This can also be a great opportunity to offer a difficult customer a chance to correct their behaviour or modulate their original claims. If someone is being particularly hostile, ask them if they would be willing to moderate their language to help you understand them better and work towards a solution. If it is really unclear what they would like done, ask them what kind of resolution they had in mind to make things better. If they are in extreme distress, ask them if they have access to any other support while you work on solving the problem they’ve complained about.
An integral part of being resilient in the face of life’s difficulties is being able to process such experiences and make sense of why they happened in the first place. It may seem like it wouldn’t make a difference, but numerous studies show that getting an explanation of why something bad has happened can make it much easier for the person affected to move on more positively.
So even with seemingly minor issues – like a slightly defective product or a perceived slight from a customer service representative – take the time to fully explain the details of why the service you provide may have gone wrong on this occasion and how this reflects the specific challenges of your sector. This will diffuse a customer’s sense of being personally victimised or suffering from someone else’s negligence or carelessness.
Try to make communications less combative and more cooperative. Resist amplifying negativity by using positive language. Even when you don’t have good news or immediate solutions, there is no need to make the exchange more stressful for yourself or the customer.
You may not be able to resolve every issue or give a customer the resolution they are asking for, but you needn’t be defensive about this. If you can’t provide everything being asked for, just say so in a direct and friendly manner.
By directly and openly acknowledging when you have let someone down or disappointed their expectations, you will help them move forward from this. Being hostile, or even just avoidant or unresponsive, will only make someone feel more upset or angry.
You can’t please everyone, the old saying goes. There will be times when you simply cannot make up for a bad customer experience. However, you can reframe negative feedback as a learning experience for yourself and your business. This will make a negative interaction feel less like a failure and more of a challenge for improving your practices in the future.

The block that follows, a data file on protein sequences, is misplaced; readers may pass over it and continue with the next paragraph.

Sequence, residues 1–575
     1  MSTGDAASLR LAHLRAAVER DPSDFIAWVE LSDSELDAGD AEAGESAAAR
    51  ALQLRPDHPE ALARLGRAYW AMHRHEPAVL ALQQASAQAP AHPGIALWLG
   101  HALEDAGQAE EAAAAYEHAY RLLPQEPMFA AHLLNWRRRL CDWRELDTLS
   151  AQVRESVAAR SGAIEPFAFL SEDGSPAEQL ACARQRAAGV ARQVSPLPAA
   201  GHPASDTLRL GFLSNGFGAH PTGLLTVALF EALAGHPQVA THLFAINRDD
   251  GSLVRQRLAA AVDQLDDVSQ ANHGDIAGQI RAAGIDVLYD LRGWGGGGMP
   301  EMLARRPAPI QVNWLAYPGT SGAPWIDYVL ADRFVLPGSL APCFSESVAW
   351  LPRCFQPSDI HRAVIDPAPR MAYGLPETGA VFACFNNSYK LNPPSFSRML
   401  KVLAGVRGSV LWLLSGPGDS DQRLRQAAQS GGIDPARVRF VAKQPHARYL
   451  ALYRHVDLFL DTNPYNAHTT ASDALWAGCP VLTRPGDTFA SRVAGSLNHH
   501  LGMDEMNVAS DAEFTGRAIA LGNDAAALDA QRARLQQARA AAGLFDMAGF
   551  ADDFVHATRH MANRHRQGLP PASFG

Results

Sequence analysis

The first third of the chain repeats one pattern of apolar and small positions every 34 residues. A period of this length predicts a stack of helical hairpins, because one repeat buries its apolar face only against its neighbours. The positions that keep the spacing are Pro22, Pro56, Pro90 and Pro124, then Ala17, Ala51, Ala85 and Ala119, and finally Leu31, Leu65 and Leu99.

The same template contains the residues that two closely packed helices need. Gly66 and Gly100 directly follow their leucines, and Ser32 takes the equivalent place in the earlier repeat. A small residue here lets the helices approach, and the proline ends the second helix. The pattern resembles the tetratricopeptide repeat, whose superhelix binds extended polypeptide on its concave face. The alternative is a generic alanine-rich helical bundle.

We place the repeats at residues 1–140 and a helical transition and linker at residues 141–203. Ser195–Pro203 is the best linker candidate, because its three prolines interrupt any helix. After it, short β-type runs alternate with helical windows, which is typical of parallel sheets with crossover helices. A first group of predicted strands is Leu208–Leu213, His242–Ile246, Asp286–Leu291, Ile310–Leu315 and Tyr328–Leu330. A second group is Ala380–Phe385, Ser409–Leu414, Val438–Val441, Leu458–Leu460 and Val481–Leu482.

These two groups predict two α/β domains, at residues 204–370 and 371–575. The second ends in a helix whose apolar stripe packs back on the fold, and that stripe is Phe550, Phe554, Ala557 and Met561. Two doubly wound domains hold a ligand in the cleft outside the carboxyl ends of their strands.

Accepting that a customer is entitled to feel the way they do can be hard. But even when someone is being extremely negative, you should take their feedback onboard. It may be difficult to deal with in the moment, but even the most belligerent complainer has something to teach you about how to make your product better or improve customer experiences.
Unfortunately, we see some instances of complainers using discriminatory language, particularly racist, sexist, ableist, and homophobic insults. This, we strongly believe, should never be tolerated.
If you are struggling to respond to a complaint of this nature, feel free to use the response that we use in Resolver support: ‘The language you are using is discriminatory and unacceptable. This means that we will not be able to take any action on your communication or correspond with you further. If there comes a time when you would be willing to apologise for your language and moderate your hostile tone, we would welcome an apology and a chance to move forward cooperatively and respectfully.’
As always, if you have any questions or comments feel free to get in touch with us at email@example.com.